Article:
It’s not easy to find this kind of skilled labor, especially for seasonal work. Sam the elder relied on Elva Cole, a cook who he hired to man the Greenberg smokehouse in the early days. “Elva had nine children, and I think at one time all of them have worked for us,” Greenberg joked. In fact, the foreman of the smoked turkey operation today is Elva Cole Jr. “He’s the man who determines if your turkey is done right,” Greenberg assured me.
“Done right” means that each employee would be proud to serve the turkey on their holiday table. Turkeys come into the plant fresh daily. The wings and any excess fat is removed, and they’re seasoned with a proprietary spice mixture that’s heavy on black pepper. Slits are made into the meat to get the seasoning deep into the bird, the exterior is covered, then it sits overnight before being hung in the smokehouse. There’s no brining or wet curing. They finish at half the weight of the raw turkey. It’s a double whammy due to the 12 percent spike in turkey costs this year, but Greenberg didn’t raise their prices to compensate. Greenberg still demands no blemishes on the smoked skin, which he describes as “majestic mahogany” in color.
It’s a great looking bird, with a heavy smoke aroma. “I will apologize for any complaint unless you say that it’s too smoky,” Greenberg tells me. “It says it right on the package.” I’ve always eaten my Greenberg turkeys at room temperature on a sandwich with mayo, mustard, and horseradish, but I asked Greenberg how he ate his. “I slice it cold and smear on a little mayonnaise.” He has no need for bread, cheese, or other accompaniments except “cold beer and Fritos.”
Greenberg does everything he can to bring back crew members like Cole and Wallace every year. There are fourteen year-round employees at Greenberg, and 180 at the peak of the holiday season. The season for Greenberg begins on October 1, and slowly ramps up. By mid-October, they’re smoking at full capacity, and by Thanksgiving this year, they had smoked, packaged, and sold 80,000 turkeys. Another 130,000 are expected to go out the door before they close the doors for the year on Christmas Eve.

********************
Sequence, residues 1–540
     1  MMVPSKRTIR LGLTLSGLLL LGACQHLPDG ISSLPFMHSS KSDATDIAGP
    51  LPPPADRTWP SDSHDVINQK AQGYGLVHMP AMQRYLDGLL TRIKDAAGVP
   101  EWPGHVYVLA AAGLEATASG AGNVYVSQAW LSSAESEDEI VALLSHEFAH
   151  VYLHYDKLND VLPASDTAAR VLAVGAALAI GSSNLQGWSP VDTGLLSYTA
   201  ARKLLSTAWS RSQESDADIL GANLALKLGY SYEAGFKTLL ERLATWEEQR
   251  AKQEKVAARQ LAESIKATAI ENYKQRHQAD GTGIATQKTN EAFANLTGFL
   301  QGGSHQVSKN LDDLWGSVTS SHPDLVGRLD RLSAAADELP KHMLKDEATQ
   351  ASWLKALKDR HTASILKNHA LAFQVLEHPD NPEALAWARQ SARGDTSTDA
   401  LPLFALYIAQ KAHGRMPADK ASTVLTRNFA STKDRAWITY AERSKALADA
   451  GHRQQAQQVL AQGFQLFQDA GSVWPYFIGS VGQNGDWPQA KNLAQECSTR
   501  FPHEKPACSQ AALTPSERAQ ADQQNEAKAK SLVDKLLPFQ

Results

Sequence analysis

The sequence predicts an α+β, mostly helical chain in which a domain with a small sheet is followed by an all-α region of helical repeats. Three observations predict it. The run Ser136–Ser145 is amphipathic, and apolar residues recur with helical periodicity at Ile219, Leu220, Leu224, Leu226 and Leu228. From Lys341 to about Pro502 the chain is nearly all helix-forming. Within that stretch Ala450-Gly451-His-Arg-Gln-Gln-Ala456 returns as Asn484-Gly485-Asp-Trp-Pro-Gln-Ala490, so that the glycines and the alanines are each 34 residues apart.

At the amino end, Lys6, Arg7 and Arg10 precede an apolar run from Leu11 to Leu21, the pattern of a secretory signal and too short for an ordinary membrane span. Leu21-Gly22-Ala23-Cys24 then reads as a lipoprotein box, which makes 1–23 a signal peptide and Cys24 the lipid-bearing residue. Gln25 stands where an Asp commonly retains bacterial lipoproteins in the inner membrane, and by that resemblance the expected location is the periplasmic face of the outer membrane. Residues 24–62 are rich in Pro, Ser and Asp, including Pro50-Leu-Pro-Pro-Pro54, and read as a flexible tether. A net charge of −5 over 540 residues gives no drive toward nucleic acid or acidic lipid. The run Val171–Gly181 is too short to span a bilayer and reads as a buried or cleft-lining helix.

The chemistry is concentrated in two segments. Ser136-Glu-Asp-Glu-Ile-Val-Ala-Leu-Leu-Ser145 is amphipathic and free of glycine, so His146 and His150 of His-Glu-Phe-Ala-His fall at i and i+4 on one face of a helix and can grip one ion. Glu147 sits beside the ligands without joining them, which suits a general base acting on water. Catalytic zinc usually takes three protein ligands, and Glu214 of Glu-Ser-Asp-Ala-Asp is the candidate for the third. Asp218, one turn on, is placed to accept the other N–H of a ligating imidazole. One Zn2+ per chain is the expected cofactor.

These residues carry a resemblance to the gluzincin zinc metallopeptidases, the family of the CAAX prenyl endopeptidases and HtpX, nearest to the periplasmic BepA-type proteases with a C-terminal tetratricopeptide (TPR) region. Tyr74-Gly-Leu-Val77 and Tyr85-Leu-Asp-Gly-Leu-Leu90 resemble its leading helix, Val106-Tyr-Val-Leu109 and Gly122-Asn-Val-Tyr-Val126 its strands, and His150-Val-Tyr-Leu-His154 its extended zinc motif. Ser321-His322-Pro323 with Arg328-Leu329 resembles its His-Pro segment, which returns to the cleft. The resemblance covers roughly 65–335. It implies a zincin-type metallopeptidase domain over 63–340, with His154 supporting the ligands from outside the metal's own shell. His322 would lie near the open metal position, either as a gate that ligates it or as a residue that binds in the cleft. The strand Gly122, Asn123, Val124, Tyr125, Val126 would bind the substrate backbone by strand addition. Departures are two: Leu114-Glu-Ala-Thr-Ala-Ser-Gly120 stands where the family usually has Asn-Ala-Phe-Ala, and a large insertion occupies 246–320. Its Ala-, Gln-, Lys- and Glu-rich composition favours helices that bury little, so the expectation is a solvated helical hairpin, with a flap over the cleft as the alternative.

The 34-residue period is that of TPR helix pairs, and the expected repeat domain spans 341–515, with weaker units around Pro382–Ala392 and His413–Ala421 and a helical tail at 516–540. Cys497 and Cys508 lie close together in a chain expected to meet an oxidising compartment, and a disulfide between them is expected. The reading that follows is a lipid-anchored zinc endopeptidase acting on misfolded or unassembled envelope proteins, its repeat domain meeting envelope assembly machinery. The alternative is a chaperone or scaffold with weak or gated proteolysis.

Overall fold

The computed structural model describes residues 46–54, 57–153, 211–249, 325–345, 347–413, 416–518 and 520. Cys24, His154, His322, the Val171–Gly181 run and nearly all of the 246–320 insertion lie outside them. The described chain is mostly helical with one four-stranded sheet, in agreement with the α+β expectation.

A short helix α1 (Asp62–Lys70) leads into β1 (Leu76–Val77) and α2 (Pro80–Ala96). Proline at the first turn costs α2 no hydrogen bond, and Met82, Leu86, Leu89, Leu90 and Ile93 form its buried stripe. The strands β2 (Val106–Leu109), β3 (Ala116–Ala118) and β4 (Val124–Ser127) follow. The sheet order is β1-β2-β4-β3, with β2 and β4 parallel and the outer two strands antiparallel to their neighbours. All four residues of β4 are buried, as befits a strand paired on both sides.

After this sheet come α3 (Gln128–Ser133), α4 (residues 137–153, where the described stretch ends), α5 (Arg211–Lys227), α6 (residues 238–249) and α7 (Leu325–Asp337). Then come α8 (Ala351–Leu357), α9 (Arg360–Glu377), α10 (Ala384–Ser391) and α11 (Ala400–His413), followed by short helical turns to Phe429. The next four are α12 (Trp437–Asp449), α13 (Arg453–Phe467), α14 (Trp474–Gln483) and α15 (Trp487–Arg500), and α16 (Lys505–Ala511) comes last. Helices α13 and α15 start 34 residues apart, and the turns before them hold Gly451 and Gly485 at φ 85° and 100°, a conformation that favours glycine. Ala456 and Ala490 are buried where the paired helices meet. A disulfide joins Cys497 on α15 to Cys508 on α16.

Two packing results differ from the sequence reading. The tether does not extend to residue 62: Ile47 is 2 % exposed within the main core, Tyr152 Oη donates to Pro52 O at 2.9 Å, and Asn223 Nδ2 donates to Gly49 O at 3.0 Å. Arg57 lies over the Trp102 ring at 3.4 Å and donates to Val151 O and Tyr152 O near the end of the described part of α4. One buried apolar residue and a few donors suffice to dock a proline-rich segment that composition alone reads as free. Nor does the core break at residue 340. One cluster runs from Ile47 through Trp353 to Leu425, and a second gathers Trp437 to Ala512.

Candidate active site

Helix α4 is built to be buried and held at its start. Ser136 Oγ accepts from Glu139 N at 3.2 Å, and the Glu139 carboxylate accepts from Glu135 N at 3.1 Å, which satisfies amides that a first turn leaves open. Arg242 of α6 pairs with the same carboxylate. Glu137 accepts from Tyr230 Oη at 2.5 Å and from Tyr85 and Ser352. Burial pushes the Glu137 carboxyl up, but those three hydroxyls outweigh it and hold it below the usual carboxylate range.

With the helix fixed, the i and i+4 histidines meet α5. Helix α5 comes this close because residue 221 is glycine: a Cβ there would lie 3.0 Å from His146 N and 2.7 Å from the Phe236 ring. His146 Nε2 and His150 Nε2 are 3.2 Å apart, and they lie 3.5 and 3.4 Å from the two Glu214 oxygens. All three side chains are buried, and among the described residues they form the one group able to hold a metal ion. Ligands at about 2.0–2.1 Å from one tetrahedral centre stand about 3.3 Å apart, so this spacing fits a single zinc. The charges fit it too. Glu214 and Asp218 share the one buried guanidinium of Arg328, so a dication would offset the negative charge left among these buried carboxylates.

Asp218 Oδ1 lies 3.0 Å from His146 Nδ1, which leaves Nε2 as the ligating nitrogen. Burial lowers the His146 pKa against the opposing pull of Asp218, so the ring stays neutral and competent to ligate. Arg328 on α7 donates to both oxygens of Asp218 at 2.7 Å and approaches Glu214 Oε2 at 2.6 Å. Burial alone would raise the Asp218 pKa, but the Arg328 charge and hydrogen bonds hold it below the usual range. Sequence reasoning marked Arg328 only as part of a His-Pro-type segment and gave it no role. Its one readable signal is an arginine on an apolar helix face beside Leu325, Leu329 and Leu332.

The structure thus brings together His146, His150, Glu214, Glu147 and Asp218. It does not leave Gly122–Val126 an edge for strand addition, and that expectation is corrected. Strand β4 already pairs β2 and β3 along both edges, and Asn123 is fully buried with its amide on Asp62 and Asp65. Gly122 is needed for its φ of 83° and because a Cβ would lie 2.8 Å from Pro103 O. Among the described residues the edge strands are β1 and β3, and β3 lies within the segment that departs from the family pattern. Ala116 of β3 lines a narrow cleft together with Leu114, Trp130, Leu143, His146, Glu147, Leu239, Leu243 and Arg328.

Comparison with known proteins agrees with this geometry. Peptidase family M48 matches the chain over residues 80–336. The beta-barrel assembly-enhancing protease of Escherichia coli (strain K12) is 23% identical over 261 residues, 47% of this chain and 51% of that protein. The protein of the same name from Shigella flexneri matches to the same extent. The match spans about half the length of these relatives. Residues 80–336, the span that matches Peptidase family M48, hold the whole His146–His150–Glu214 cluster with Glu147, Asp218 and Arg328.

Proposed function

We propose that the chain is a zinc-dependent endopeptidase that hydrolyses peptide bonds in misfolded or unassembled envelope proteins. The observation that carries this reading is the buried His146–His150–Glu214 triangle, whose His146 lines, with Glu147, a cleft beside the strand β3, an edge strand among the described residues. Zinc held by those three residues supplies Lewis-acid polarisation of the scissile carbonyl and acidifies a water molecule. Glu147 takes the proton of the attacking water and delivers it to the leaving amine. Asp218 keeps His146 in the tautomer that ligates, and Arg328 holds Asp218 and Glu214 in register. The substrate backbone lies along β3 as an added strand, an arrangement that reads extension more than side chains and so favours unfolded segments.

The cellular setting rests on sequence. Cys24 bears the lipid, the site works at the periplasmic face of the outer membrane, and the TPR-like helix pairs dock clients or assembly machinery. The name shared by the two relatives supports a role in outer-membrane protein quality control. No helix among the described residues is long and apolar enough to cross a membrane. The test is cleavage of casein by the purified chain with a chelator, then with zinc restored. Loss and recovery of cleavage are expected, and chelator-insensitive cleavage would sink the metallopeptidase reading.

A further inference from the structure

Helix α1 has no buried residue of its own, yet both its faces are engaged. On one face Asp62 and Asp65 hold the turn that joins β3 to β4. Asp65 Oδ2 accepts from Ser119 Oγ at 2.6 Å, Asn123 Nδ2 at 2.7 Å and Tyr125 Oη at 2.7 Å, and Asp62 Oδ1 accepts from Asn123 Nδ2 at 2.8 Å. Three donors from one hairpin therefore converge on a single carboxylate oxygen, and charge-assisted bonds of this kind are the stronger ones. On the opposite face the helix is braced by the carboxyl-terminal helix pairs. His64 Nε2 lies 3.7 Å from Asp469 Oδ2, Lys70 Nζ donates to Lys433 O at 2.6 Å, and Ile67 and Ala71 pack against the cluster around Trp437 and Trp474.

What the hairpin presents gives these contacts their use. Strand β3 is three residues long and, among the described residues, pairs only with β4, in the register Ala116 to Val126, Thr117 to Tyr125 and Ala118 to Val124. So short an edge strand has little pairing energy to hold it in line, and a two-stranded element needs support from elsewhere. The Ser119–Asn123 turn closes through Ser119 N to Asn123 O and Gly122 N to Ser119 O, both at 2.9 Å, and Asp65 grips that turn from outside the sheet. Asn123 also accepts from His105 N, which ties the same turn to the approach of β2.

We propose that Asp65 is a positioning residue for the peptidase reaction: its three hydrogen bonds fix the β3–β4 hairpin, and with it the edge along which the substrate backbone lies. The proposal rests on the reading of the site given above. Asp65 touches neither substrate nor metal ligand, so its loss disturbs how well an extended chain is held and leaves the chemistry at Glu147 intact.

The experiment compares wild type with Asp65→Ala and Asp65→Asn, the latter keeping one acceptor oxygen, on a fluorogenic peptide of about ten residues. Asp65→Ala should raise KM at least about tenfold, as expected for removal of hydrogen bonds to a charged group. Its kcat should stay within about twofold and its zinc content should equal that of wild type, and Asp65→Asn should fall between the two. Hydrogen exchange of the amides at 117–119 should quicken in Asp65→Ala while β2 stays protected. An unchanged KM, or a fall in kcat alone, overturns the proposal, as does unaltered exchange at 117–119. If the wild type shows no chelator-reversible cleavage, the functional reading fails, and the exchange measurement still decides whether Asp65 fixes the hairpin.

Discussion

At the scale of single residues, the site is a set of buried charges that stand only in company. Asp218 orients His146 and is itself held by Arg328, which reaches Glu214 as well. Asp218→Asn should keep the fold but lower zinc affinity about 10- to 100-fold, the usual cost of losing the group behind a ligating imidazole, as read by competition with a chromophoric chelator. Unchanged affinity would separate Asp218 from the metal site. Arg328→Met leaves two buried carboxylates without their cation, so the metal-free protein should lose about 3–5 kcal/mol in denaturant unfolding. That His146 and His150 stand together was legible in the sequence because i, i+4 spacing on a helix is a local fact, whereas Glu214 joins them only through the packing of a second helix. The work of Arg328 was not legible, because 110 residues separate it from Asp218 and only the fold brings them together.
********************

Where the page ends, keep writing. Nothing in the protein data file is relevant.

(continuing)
A crew of forty employees monitor orders as they come in from the website, by phone, and even by fax machine. (Greenberg says the fax may be phased out from the command center next year as they embrace other technology available to them.) It’s been less than a decade since they’ve started accepting credit cards. Before then, turkeys were delivered on the honor system with an enclosed invoice. Nowadays they’re carried at Central Market stores, a single Brookshire Brothers location in Tyler, and, of course, at the retail counter inside the Greenberg facility. Customers can order from GobbleGobble.com (a web address secured by Greenberg’s genius nephew), but Greenberg said that’s the only side of the business where they rely on anything high-tech. The smoking will always be handled with tradition in mind. “I do everything just like my grandfather and my father did it,” Greenberg promised more than once during our conversation. He won’t even change the box design.
A red turkey silhouette is the only sign outside the Greenberg facility, because the local tradition is so important they don’t even need the name on the building that stands where the old Greenberg dairy once was. That fire seventy-some-odd years ago would have been enough to drive most out of the smoked turkey business, but Greenberg told me the business was lucky enough to have great employees who literally saved the invoices from the burning barn so the the family could at least ensure payment for the turkeys they’d already delivered. It was certainly a tough Christmas for them that year, and they could have gone the way of Rose Diamond in the annals of smoked turkey lore. Instead, they rebuilt and stuck with the traditional smoking method that had first grabbed the attention of that mystery customer in Dallas in 1939. That’s why we can all enjoy “The Holiday Aristocrat” on our table this season.